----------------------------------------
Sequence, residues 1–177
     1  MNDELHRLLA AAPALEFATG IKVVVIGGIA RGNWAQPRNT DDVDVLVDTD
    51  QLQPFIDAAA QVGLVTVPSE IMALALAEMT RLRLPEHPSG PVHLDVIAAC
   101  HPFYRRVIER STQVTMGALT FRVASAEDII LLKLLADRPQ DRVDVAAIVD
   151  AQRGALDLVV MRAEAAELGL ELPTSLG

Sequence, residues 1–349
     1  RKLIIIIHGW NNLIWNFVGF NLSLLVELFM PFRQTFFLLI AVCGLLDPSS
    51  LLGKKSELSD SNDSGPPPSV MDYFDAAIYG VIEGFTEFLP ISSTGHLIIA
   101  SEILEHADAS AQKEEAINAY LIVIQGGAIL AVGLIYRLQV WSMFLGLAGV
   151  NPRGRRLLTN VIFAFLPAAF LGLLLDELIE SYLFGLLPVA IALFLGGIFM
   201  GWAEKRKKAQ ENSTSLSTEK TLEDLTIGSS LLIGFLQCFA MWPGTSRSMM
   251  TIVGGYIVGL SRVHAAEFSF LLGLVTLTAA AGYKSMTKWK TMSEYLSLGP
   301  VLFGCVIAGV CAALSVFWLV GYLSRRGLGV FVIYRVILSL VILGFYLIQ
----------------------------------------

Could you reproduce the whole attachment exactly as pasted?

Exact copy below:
Sequence, residues 1–177
     1  MNDELHRLLA AAPALEFATG IKVVVIGGIA RGNWAQPRNT DDVDVLVDTD
    51  QLQPFIDAAA QVGLVTVPSE IMALALAEMT RLRLPEHPSG PVHLDVIAAC
   101  HPFYRRVIER STQVTMGALT FRVASAEDII LLKLLADRPQ DRVDVAAIVD
   151  AQRGALDLVV MRAEAAELGL ELPTSLG

Sequence, residues 1–349
     1  RKLIIIIHGW NNLIWNFVGF NLSLLVELFM PFRQTFFLLI AVCGLLDPSS
    51  LLGKKSELSD SNDSGPPPSV MDYFDAAIYG VIEGFTEFLP ISSTGHLIIA
   101  SEILEHADAS AQKEEAINAY LIVIQGGAIL AVGLIYRLQV WSMFLGLAGV
   151  NPRGRRLLTN VIFAFLPAAF LGLLLDELIE SYLFGLLPVA IALFLGGIFM
   201  GWAEKRKKAQ ENSTSLSTEK TLEDLTIGSS LLIGFLQCFA MWPGTSRSMM
   251  TIVGGYIVGL SRVHAAEFSF LLGLVTLTAA AGYKSMTKWK TMSEYLSLGP
   301  VLFGCVIAGV CAALSVFWLV GYLSRRGLGV FVIYRVILSL VILGFYLIQ